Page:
The Marywood University Arboretum
An arboretum is defined as a place grown with trees or a place where trees, shrubs, and herbaceous plants are cultivated for scientific, educational and/or aesthetic purposes.
"To conserve, to enjoy, and to learn."
Marywood University was declared an arboretum in 1975 in honor of Sister Maria Laurence Maher, then Professor of Biological Sciences, and received its official designation as such in 1997.
The Arboretum’s Mission was to encourage others to conserve, to enjoy and to learn about the environment, the Arboretum at Marywood University was a living example of responsible stewardship to the world in which we live. The Arboretum served as both an aesthetic and scholarly resource for the community, and aimed to continue as a vital role as a center of learning for the public through ongoing physical enhancement and program development.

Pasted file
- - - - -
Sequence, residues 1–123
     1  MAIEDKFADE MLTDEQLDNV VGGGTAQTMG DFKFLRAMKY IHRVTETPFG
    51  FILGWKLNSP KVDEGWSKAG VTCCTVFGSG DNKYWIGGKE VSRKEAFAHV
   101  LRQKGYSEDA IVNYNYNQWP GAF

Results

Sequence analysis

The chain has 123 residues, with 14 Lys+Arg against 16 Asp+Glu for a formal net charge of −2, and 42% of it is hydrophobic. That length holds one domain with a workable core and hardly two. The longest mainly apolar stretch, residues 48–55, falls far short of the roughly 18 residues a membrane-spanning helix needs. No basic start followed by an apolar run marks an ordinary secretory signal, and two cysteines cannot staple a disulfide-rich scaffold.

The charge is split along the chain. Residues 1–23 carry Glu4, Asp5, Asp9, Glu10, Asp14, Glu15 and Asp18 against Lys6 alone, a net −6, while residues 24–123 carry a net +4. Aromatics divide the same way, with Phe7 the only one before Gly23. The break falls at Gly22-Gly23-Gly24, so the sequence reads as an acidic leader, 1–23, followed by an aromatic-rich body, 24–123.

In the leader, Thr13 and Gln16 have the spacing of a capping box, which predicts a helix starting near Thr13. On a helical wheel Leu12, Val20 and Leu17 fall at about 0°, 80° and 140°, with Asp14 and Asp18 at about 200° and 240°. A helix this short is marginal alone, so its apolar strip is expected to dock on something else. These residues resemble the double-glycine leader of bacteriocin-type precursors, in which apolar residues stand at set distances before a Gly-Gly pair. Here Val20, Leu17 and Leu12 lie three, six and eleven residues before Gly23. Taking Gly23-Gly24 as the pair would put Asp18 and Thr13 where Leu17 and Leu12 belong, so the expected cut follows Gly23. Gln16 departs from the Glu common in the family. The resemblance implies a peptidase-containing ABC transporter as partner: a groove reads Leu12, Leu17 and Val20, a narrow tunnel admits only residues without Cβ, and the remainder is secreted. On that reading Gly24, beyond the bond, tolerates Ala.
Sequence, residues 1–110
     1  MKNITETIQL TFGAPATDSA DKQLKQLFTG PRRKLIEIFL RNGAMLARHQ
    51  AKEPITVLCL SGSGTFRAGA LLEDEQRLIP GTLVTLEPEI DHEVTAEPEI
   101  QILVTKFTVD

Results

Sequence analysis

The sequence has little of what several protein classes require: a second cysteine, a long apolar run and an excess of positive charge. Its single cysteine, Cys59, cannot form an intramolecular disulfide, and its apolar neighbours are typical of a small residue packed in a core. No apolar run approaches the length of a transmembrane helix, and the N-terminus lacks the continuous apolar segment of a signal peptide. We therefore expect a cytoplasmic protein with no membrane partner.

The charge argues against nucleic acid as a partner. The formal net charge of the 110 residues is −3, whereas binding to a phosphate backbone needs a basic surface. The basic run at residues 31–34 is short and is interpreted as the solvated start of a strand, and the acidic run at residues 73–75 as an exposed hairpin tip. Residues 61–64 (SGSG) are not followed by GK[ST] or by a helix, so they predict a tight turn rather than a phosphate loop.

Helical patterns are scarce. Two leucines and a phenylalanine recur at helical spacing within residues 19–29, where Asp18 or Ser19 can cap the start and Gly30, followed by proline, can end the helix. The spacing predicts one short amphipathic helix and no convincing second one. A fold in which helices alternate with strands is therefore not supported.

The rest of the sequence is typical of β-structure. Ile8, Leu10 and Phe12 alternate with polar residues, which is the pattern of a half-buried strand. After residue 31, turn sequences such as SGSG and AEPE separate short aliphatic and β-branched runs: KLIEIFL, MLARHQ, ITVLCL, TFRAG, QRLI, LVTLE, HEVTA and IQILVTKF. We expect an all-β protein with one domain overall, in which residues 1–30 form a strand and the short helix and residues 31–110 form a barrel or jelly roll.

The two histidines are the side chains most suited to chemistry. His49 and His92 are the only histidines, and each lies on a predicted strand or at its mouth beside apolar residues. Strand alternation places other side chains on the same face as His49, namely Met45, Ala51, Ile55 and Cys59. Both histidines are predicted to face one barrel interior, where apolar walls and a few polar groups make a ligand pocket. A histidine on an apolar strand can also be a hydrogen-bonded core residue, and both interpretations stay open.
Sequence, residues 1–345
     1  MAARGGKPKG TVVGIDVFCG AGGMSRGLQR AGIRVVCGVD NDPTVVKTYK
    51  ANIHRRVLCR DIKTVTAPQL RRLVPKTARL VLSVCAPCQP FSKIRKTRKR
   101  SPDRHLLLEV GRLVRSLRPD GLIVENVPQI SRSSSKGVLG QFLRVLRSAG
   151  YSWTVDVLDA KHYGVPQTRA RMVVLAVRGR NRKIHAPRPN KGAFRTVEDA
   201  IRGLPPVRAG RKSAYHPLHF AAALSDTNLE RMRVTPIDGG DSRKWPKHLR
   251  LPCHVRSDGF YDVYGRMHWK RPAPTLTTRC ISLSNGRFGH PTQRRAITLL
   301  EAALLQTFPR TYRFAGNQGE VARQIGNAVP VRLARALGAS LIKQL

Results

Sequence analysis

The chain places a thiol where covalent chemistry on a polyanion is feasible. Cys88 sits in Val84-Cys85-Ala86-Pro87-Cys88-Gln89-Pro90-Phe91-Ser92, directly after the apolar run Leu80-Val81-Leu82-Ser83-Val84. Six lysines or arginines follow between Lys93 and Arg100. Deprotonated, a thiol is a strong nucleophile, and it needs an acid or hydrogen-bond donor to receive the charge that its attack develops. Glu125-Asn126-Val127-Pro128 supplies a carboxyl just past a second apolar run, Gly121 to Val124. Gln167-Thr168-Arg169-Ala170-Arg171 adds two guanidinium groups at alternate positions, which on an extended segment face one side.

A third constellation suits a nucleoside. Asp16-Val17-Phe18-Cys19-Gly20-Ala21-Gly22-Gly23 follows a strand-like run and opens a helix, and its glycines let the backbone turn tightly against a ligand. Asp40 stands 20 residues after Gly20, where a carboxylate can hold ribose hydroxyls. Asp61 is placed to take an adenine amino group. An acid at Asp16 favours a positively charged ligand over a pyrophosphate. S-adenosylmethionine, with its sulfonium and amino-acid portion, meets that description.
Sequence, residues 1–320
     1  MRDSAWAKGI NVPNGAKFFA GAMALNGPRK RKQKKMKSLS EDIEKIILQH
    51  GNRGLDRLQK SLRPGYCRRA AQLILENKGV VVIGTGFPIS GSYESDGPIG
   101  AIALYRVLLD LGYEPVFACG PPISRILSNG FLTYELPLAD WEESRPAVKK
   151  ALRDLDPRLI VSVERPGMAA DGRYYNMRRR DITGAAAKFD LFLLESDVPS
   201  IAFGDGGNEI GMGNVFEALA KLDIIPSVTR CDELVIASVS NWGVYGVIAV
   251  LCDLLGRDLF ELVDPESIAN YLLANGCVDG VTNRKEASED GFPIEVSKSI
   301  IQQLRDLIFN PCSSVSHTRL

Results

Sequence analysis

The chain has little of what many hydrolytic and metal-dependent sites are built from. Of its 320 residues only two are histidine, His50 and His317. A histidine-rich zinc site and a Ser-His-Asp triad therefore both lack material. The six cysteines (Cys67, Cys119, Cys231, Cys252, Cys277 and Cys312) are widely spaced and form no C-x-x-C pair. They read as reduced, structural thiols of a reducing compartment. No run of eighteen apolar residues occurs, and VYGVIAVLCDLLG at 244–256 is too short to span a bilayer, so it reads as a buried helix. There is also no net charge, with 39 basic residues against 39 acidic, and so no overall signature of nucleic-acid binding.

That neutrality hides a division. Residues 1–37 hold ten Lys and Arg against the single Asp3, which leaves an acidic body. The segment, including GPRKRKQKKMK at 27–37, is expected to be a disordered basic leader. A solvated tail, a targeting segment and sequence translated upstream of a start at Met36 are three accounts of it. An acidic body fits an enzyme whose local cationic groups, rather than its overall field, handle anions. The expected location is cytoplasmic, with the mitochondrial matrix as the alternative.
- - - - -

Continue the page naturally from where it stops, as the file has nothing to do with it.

At its peak, the Arboretum at Marywood boasted 42 species of trees that contain 103 varieties, and a comparable number and variety of shrubs, as well as ornamental grasses and perennial, biennial, and annual blooms.
The campus continues to be a beautiful place to enjoy the scenery each season. We invite everyone to take a Virtual Tour of today’s campus »
The University would love to reinstate our national Arboretum status, however it has proven to be more difficult and costly than ever imagined. We thank our partners and all who were involved in this initiative originally. It was truly magical!
Never to be deterred by difficult challenges, the University is focused on eventually restoring our Arboretum designation. This effort also is a part of Marywood's Strategic Plan, as well as a topic of awareness and advocacy for the students and the Student Government Association.
[RELATED READ: SGA to Help Marywood Restore its Arboretum Status]
Marywood Arboretum Collection
Pennsylvania Magazine recognized Marywood’s campus as "Most Beautiful Religiously-Affiliated Campus in Pennsylvania." Tireless efforts to cultivate "official" arboretum status were made by the father/son team of John and Mark Burns, who respectively served as Superintendent and Foreperson of Grounds at the time.